cd namepy
git clone https://github.com/CoachCoen/namepy.git -b step1 step1

Note: “-b step1” specifies the name of the branch to clone. The second “step1” is the target folder, i.e. namepy/step1.

Next

Continue to Step 1 – Angular “Hello World”

Investment Tracking System – Django/Python

My client, a start up with a lot of experience in their field, had identified an important gap in the market. Large sums of money were being invested, with very long payback periods, without access to effective performance tracking tools.

They designed a tool to cover the gap and asked me to create a demonstration system in preparation for generating interest and raising capital.

I developed the system in Django, Python, PostgreSQL and Javascript. The front end uses a dashboard template based on Bootstrap and jQuery. Graphs are created using the excellent Highcharts charting library.

The resulting system imports the base data and generates monthly cost and revenue forecasts, taking into account seasonal variations, tax allowances and more.

Selection_005

The main management screen gives quick access to some key performance indicators.

Selection_006

Constraints can be defined, and potential investments can be checked against them.

Selection_007

Actual results can be compared against the projections.

Selection_008

Different heat maps show absolute or relative performance by state or county.

Selection_009

This was an eight month intensive project, resulting in a demo site which generated a lot of interest in the industry and allowed the client to achieve their first round of funding.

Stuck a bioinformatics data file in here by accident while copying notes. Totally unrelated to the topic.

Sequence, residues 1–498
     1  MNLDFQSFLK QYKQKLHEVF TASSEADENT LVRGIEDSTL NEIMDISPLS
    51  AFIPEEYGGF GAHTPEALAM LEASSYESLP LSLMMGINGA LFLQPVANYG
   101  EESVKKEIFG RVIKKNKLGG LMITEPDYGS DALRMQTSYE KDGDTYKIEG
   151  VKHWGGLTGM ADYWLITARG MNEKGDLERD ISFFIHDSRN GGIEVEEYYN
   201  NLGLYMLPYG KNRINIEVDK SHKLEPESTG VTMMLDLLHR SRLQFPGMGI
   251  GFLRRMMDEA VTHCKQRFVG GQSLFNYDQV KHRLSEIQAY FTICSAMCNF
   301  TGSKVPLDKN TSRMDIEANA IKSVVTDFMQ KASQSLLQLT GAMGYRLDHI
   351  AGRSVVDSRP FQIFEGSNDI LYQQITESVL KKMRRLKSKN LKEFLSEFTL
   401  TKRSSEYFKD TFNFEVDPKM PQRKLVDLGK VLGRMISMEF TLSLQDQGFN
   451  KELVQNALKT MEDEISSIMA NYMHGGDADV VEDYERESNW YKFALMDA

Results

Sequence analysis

Flask and Angular on Heroku

I am working my way through this excellent tutorial, covering Python3, Flask, Angular, Heroku, SQLAlchemy, Alembic, requests, Beautiful Soup, NLTK, Redis and D3. Here are some extra notes

  • To stop me from blindly copying/pasting the code, I printed off the tutorial and worked from the paper version.
  • I had some problems installing Virtualenvwrapper (on Linux Mint 17.2), until I followed these instructions
  • I had some clashes with Anaconda
    • Virtualenvwrapper’s deactivate clashed with Anaconda’s deactivate. Prompted by these instructions I renamed ~/anaconda/bin/activate and ~/anaconda/bin/deactivate
    • “pip install psycopg2” resulted in:
      Error: “setuptools must be installed to install from a source distribution”
      After much experimentation I guessed that this might be due to Anaconda. I created a new virtual machine (without Anaconda) and re-started the tutorial. This fixed the psycopg2 problem

Part 1, set up Heroku

  • I used a free Heroku account. Between a dedicated server, a WebFaction account and a HotDrupal account I’m already paying enough for hosting
  • “heroku create wordcounts-pro” gave me an error “Name is already taken”. According to this Heroku page,  app names are in the global namespace, so I guess I’m not the first one to follow this tutorial. To work around this, I prepended the app name with my initials, i.e. “heroku create cdg-wordcounts-pro”, etc
  • So I can push the changes to heroku I set up public key access
  • Before running “git push stage/pro master”, make sure to check in the changes to git (git add, git commit)

Part 2, set up databases

  • To create the Postgres database:
    • sudo su — postgres
    • psql
      • # CREATE DATABASE wordcount_dev;
      • # CREATE USER ‘<your user name>’
      • # GRANT ALL PRIVILEGES ON wordcount_dev TO <your user name>;
  • After running “heroku run python manage.py db upgrade …” I got the error message:
    No such file or directory: ‘/app/migrations/versions’